Jamaica Chess Federation (JCF) President, Peter Myers, says they will be embracing the online nature of the sport, as the COVID-19 pandemic continues to present challenges for the resumption of face-to-face chess tournaments locally.
Myers told The Gleaner that because schools are scheduled to resume online, more students will be able to engage in chess matches, as it will be less costly, and they will not have to think about travelling expenses.
“What we’re definitely going to be doing is a schools’ tournament,” he said. “Normally, we would have the National Schools’ Chess Championship starting around the end of October, and given the current situation regarding the various rules and protocols, we are planning to take it online. It is going to be an issue as some schools might not be able to participate, but what we can do is possibly assist some of those schools.
“We have started the process, and we are also waiting to see what the Government is saying regarding the opening of schools to determine how to proceed. As everybody knows, most sports are down now, and they can’t get out and get active. We can keep active by playing online, so this will definitely be a major thing for us going forward.”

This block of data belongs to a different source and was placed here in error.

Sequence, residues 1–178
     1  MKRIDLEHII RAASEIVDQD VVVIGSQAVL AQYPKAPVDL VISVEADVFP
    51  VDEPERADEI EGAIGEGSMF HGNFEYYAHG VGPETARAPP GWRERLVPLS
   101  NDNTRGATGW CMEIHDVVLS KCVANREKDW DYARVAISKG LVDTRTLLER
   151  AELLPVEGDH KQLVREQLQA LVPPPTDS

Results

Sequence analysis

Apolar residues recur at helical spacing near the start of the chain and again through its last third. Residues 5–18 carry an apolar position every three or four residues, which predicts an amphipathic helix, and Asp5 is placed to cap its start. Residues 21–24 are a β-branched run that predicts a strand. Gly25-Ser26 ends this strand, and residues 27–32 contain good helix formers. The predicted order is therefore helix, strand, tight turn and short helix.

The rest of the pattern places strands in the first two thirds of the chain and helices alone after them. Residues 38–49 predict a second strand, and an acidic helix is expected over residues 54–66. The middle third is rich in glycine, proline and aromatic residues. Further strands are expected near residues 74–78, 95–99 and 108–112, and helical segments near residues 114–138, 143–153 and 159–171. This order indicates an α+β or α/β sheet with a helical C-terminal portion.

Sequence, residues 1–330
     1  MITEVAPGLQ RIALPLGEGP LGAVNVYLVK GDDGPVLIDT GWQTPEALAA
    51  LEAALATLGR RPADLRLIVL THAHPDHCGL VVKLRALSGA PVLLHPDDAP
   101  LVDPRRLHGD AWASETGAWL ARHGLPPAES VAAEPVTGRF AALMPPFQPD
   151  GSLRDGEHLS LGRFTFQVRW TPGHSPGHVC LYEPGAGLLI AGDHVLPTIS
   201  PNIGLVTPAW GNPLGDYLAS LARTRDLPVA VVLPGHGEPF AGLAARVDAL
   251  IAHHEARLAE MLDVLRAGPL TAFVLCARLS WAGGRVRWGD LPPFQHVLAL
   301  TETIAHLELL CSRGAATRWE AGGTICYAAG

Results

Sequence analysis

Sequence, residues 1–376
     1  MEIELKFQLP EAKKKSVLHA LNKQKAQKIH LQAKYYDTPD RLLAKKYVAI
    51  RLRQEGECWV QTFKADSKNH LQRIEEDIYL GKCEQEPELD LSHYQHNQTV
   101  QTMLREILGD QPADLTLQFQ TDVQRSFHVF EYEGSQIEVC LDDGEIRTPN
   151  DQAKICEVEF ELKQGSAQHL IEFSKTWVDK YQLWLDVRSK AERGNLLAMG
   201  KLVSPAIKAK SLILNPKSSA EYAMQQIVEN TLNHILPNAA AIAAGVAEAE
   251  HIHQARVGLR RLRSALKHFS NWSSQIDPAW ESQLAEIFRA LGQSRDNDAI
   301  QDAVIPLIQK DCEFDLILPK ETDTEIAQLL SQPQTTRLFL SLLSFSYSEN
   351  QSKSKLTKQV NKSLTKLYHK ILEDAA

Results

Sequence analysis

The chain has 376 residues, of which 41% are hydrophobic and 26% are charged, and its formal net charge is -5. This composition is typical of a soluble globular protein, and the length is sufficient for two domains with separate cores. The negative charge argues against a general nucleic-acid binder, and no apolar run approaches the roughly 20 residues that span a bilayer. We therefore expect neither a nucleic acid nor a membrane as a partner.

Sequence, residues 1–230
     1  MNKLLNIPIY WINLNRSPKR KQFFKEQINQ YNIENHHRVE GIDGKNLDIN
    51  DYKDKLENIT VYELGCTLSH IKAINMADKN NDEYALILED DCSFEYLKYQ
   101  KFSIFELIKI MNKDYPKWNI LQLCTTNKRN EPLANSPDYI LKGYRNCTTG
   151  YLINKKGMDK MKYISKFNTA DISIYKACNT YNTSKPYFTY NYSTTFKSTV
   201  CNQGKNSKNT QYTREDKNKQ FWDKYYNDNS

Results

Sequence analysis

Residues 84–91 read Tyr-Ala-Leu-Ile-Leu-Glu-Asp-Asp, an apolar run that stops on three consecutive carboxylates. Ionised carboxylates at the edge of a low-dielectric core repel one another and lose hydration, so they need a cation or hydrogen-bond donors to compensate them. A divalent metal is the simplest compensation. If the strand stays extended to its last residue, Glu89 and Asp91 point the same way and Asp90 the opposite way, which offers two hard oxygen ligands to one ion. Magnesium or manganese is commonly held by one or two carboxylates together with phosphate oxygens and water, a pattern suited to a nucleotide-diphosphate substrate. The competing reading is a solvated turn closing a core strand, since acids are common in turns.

Myers said that the Harold Chang Open, the Jamaica Open, and the Frederick Cameron Open Chess Tournaments are events that the JCF is planning to host virtually this year.
Queen’s Preparatory School coach Russell Porter said despite chess being forced to go online because of the pandemic, he has seen major improvements in the skills of the players.
“The conventional way we play, which is the long game, we find that this version has been affected because people are not playing it at this time,” Porter said. “When the pandemic just started, we were playing a lot more chess because instead of waiting until the weekends when we would normally have our tournaments, and playing in person, we would just go online and play every day because there was no work for some, and no school. In terms of online events, it really took off.
“Online events are a bit different though, because they are usually played at a much faster time limit, so it is not like the in-person chess where it is slow. Persons started to practise more on their speed chess, and we found that they were getting better at it. Speed chess complements conventional chess, and it also allows players to be more intuitive, as there is no time to calculate, and it forces you to work hard on your tactics and your opening, which is the starting phase of the game.”
Porter said he is hoping that the JCF will organise more virtual events this year, as there have not been a lot of chess tournaments locally since the pandemic.